In a letter to the editor last week [“Retired NYC police captain opposes incorporation plan,” June 7], retired NYPD police captain Thomas Cunningham suggested that if Edgemont were to become a village, it would need to hire and outfit its own SWAT team and build a police station. With all due respect to Mr. Cunningham’s NYPD experience, he seems to lack basic information on the provision of police services in Greenburgh.

Greenburgh has two budgets, one for the “Town Entire” (which includes the villages) and another for the Town Outside Villages (TOV, or unincorporated area).

The Town Entire budget includes the provision of a variety of services by the town of Greenburgh throughout both the villages and the unincorporated area, including SWAT. Don’t take my word for it, go to the town’s website, greenburghny.com, and read pages VIII-IX of the 2019 town budget.

With respect to the claim that Edgemont can’t afford to build its own police station, it seems like a strange argument to make when Edgemont’s current taxes to Greenburgh of $15.5 million (money that would be at the disposal of the village after incorporation) exceed the tax revenue of the village of Hastings-on-Hudson by more than $4 million.

The Edgemont Incorporation Committee has put together a website at Edgemont2019.org with meticulous research indicating that Edgemont’s tax base would be the largest of the seven villages in Greenburgh by a country mile.

If Mr. Cunningham’s point is that villages generally shouldn’t build police forces altogether, I think that’s a reasonable argument. While the EIC feasibility study provisioned for such a build-out, it was only to demonstrate that if need be, Edgemont couldgo it alone in the absence of shared services, even though that was never their first choice. Edgemont, which has never had its own police station, would have the ability to leverage existing infrastructure from other departments such as Greenburgh, the Westchester County Police, or a neighboring municipality through an Intermunicipal Agreement for police services, which are very common, well established and facilitated by state law. Furthermore, there is a consensus around support for such agreements, including Town Supervisor Paul Feiner, County Executive George Latimer and Gov. Andrew Cuomo.

Finally, Mr. Cunningham’s speculation regarding the motivations of the Edgemont Incorporation Committee is baseless, as the EIC leaders have publicly declared they will not run for office. Their goal is to have an election on the matter of incorporation, a right that I am pleased to see Mr. Cunningham supports.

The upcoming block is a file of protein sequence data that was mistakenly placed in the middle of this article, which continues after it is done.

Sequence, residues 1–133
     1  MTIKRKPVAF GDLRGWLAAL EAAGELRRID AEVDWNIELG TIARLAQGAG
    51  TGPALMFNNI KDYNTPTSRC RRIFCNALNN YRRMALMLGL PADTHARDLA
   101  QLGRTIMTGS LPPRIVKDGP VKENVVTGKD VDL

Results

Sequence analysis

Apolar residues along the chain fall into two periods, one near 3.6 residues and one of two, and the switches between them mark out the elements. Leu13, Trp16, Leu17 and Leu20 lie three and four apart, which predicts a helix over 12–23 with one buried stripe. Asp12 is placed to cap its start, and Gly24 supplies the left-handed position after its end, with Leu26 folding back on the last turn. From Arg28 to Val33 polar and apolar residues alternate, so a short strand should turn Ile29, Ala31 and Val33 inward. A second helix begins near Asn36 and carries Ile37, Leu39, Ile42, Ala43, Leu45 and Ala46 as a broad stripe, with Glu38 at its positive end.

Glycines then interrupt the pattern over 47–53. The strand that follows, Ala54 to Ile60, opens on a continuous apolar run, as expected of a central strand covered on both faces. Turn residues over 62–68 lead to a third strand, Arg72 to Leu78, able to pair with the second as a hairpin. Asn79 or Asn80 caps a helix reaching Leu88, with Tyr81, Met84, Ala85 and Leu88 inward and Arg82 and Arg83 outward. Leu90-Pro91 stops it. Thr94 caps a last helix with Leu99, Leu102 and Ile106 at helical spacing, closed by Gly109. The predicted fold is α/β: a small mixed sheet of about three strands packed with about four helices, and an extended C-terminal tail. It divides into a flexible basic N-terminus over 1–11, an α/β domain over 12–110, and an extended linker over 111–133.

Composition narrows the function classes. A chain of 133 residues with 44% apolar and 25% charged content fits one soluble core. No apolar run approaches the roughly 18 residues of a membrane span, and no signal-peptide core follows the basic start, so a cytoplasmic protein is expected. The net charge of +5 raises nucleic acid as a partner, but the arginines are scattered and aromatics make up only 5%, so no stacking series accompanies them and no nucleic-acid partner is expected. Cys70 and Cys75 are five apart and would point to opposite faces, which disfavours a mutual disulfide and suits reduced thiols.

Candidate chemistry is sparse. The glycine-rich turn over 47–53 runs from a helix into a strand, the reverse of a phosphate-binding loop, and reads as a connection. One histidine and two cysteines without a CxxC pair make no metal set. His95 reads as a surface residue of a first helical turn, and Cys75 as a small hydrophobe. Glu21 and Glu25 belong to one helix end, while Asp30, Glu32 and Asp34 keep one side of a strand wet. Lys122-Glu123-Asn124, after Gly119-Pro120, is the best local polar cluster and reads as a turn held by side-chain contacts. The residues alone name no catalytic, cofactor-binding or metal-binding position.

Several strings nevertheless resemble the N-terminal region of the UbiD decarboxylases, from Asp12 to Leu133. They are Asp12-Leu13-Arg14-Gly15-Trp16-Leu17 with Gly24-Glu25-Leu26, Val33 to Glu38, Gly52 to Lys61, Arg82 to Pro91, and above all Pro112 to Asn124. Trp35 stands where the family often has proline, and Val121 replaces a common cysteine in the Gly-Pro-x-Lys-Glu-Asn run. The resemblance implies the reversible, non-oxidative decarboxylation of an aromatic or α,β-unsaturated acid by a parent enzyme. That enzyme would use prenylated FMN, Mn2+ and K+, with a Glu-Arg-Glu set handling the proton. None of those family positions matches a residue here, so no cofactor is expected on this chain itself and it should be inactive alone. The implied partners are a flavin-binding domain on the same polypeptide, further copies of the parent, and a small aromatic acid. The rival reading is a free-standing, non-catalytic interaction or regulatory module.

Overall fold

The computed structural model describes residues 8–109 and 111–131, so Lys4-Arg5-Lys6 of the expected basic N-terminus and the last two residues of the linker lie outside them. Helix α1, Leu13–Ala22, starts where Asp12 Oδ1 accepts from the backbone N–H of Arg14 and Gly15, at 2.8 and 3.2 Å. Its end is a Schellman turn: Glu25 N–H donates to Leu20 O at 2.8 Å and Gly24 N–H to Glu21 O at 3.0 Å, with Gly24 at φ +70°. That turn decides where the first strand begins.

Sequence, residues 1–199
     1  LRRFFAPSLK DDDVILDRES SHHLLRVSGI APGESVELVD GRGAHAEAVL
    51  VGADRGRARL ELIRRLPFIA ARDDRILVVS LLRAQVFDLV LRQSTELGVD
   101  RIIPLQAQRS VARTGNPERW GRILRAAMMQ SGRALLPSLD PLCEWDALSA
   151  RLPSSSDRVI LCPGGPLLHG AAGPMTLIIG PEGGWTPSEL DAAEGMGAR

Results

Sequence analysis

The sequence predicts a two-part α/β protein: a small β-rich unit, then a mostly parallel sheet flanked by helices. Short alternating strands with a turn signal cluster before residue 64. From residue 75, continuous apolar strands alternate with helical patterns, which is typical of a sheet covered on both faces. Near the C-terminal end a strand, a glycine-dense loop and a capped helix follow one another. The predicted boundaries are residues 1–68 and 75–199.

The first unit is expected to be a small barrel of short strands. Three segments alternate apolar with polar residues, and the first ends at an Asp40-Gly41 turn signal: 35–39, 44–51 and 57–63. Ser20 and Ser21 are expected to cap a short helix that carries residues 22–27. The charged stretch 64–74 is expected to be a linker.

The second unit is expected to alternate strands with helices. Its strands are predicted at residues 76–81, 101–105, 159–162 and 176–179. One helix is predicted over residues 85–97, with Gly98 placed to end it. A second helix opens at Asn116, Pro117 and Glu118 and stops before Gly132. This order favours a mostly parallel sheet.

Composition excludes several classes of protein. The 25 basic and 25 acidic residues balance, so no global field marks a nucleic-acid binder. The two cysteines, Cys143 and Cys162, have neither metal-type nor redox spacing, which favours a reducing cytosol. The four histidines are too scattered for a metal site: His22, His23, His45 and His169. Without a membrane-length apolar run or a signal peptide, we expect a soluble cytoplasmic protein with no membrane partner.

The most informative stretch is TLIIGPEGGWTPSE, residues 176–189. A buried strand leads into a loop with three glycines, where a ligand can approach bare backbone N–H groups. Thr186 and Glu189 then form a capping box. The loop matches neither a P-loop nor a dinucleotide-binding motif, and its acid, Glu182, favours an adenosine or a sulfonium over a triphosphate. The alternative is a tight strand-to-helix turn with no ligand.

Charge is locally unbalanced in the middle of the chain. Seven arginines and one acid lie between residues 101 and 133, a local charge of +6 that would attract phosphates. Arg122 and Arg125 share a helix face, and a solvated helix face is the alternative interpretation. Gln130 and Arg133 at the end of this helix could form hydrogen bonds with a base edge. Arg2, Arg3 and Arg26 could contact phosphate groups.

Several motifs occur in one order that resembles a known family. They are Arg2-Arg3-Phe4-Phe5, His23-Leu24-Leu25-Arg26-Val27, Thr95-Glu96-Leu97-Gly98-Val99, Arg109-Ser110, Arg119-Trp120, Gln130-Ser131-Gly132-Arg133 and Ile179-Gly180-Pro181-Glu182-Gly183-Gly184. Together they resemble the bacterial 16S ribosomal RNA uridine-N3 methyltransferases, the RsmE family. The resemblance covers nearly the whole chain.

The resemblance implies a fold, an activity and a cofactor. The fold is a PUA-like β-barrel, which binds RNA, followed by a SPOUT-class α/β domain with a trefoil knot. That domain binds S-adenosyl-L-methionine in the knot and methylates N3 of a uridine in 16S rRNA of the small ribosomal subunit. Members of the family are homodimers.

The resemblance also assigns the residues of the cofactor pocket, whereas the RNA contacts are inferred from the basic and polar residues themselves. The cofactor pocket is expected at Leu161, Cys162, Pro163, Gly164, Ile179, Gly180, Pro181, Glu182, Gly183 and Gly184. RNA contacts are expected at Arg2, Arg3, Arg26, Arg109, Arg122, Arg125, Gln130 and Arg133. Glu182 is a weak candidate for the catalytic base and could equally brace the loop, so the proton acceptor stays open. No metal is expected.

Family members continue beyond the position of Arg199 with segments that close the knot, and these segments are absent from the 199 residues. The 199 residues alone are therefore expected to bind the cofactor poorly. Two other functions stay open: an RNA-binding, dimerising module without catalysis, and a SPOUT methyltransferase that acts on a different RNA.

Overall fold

LAWRENCE CINAMON

Mount Joy Avenue

(1) comment

halmarc

How clever to respond to a letter specific to one department/service and thus infer that Edgemont's tax contribution now paid to Greenburgh could easily cover the cost of creating a Police component, even from the ground up. Yes these dollars probably could. And if that was not convincing enough, cite that existing villages pay even less for their Police units. Yes they do. But none of this is comparable to the costs of creating a Police Department where one does not exist. Not only are hiring and payroll involved but paying for computers, pencils, staples, uniforms, phones, bullets. badges...and, of course, vehicles and that kinda pricey item called a Police Station if there was a place it could be built and land was part of a 'buy one get one free sale' in case anyone forgot that a Village Hall should also appear on the Edgemont Village shopping list. Items that maybe could be managed with current tax collections if there were no other costs in operating a village. Minor expenses such as road repair, garbage pick-up, utilities, issuing building permits, collecting taxes...you know those little details that fail to be mentioned when focusing only on the big ticket items. Minor details like leaving a tip for the waitperson bringing coffee to the table located in the diner where the Village Board of Trustees will be conducting Village business when "Bob: or "Carol" or "Ted" or "Alice's" spare room is unavailable. So maybe Edgemont's deep pocketed residents will be happy to pony up a few extra bucks for the privilege of becoming independent so they can practice self-determination in land use: protecting themselves against any untoward assaults against a naked ATM, Central Park Avenue. By the way, does anyone know what are the EIC's intentions regarding this mainstay of tax collection? I ask only because I've heard it mentioned that not everyone in Edgemont is immune to the SALT impact while School Taxes remain on "pause" because infrastructure repair is on "hold" and the Fire District is getting tired of hearing "Tomorrow is only a day away". So yes, if Edgemont the Village only had to contend with replacing Police services, they might easily manage to do so. However readers need to keep in mind that in building a Village there are many other expenses that need to be addressed and those line items also cost money. Now let's see, how can Edgemont get more revenue without raising taxes on homeowners? Hey, the remaining areas of unincorporated seem to be doing well by attracting assisted living's stately pleasure domes, why can't Edgemont lure some of those developers to Edgemont? Anyone know of a location that might be of interest? Yes it takes a Village to raise a Village but maybe new residents have moved to Edgemont with their main interest and wallets dedicated to raising their children.

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